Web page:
According to The LA Times, the judge, Steven O’Neill, said that he found “no basis to grant the relief request” by the attorneys. They had mounted a case over the last two days arguing that former Montgomery County Dist. Atty. Bruce Castor had made a non-prosecution agreement with the comedian’s lawyer more than a decade ago.
Cosby has been charged with three felony counts of aggravated indecent assault stemming from a 2004 interaction involving drugs and alcohol with former Temple University basketball staffer Andrea Constand.
The entertainer sat stoically as the judge read the decision, then talked quietly to an aide while lawyers huddled behind him. A preliminary hearing has been set for March 8, at which time another judge will determine if there is enough evidence for the case to move to trial.
O’Neill did not elaborate on how he came to Wednesday’s ruling. But throughout the two days he frequently expressed skepticism about the defense’s claim of an oral agreement that had never been formalized and was known only by Castor and the late Cosby lawyer Walter Phillips.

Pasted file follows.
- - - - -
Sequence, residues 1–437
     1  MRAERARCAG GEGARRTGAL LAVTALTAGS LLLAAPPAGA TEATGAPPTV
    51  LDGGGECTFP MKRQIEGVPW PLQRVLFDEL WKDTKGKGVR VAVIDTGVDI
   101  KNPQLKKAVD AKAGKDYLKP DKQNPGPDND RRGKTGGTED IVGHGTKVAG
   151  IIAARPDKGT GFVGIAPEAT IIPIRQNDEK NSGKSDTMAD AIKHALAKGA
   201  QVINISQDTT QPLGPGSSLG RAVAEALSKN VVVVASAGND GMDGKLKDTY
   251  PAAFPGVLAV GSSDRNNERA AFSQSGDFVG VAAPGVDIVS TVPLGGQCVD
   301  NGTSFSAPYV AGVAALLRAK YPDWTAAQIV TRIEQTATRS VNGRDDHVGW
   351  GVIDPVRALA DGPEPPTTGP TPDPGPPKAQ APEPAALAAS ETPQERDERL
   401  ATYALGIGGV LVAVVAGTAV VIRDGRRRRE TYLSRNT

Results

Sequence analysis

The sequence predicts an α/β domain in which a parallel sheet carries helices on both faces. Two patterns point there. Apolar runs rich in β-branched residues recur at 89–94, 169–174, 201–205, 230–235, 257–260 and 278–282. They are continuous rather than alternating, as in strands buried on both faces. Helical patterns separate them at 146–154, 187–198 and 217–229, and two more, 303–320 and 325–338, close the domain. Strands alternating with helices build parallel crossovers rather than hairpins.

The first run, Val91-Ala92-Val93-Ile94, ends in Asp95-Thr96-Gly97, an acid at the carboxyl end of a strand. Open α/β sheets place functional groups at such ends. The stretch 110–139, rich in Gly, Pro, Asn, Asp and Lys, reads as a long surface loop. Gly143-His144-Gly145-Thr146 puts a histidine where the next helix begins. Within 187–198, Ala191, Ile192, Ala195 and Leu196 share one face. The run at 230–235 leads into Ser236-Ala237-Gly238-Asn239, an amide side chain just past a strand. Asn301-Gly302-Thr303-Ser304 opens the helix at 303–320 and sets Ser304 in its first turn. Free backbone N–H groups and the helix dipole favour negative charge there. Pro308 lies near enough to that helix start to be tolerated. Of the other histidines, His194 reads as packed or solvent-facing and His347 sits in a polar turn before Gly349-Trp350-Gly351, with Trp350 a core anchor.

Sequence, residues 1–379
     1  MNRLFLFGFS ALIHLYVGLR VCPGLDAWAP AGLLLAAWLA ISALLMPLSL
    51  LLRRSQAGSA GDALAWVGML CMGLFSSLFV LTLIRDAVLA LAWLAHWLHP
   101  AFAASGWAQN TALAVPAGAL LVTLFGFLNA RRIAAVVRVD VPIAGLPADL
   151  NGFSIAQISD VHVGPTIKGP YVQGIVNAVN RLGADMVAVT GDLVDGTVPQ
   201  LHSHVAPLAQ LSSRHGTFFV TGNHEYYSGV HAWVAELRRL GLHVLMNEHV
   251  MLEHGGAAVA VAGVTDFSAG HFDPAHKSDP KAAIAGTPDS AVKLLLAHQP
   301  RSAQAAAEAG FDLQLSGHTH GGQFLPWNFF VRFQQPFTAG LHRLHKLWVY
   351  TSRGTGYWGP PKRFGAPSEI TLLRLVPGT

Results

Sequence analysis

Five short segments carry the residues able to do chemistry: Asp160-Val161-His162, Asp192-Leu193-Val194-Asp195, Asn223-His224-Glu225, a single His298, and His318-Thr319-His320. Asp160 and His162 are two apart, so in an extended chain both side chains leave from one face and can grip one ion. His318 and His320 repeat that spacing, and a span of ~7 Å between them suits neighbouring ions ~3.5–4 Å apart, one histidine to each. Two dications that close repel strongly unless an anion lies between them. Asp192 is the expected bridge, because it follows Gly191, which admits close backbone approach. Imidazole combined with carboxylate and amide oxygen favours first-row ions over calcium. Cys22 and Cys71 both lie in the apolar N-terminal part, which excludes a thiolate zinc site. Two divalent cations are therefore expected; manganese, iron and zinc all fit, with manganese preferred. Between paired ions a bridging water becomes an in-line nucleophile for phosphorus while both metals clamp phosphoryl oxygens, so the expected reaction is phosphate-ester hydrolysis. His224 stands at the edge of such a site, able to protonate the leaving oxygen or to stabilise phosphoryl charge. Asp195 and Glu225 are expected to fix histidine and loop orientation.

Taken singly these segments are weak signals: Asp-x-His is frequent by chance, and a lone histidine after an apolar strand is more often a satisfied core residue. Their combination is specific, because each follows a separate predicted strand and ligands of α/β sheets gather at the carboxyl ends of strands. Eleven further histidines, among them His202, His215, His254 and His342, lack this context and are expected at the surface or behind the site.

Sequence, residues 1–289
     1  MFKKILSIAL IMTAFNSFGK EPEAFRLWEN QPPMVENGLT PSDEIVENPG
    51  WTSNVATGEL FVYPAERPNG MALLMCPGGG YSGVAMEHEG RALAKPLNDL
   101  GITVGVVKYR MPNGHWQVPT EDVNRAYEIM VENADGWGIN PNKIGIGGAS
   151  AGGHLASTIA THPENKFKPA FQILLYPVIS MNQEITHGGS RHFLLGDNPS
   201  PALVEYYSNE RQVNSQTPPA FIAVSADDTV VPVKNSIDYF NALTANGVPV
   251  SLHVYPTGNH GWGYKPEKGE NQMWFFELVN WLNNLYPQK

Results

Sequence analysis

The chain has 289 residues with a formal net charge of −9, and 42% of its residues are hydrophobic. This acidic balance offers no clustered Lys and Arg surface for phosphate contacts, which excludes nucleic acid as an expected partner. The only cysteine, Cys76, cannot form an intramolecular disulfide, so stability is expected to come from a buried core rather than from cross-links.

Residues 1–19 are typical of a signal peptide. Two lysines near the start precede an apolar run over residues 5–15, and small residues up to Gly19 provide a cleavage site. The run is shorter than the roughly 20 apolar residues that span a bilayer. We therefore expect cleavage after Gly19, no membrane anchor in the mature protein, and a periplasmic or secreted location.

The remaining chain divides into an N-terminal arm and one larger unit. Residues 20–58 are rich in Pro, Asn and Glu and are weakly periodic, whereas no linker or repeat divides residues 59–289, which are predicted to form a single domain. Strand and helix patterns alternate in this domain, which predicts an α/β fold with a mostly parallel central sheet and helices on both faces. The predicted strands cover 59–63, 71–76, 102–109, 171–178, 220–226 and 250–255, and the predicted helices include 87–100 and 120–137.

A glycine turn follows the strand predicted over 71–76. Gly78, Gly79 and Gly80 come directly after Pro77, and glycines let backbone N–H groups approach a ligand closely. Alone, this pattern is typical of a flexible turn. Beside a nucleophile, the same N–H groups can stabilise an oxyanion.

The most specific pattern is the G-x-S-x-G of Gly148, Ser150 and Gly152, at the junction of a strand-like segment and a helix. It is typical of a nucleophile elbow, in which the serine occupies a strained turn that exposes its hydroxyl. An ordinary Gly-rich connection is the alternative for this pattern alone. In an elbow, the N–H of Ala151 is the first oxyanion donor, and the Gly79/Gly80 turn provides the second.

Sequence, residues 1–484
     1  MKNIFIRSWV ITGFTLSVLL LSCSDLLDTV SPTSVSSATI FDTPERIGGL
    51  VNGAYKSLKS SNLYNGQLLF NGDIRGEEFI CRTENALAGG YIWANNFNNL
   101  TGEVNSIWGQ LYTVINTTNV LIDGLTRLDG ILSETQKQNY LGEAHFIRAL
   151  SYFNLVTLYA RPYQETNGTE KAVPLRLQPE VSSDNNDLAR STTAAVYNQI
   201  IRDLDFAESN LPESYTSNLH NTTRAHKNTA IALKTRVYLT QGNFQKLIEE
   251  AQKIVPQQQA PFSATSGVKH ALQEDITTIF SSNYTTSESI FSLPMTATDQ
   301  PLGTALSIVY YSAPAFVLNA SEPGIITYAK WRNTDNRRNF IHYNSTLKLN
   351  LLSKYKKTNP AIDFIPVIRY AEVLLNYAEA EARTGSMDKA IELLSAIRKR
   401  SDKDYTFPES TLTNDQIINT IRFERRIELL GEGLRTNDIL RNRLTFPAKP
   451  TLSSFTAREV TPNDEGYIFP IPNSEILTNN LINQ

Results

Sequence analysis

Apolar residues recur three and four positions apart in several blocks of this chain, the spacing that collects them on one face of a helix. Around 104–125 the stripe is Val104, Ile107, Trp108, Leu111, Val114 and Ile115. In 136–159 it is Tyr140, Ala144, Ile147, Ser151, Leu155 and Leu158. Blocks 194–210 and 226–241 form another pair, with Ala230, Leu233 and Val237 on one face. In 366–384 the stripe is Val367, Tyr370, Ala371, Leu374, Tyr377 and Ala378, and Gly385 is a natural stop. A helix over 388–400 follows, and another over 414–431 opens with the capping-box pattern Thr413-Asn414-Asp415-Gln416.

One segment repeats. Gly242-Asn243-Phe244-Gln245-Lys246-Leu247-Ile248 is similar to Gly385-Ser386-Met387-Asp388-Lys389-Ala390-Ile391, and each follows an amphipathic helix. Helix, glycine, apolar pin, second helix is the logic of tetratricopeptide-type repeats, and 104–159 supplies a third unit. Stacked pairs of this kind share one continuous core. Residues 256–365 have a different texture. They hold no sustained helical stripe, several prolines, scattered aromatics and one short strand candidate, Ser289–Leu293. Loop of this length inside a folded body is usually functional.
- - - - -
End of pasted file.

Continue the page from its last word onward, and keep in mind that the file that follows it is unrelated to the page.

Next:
Data curated by PrettyFamous
Cosby did not speak in court, but his presence was felt. He was helped out of the room after the defeat Wednesday night by several aides, apparently as a result of a vision problem that was cited several times during testimony.
The prospect of a trial for the once beloved comedian will test the historic goodwill for a celebrity with a growing anger about Cosby’s alleged activities with women, more than 50 of whom have stepped forward to say he had initiated unwanted sexual contact with them, often after providing them with drugs or alcohol.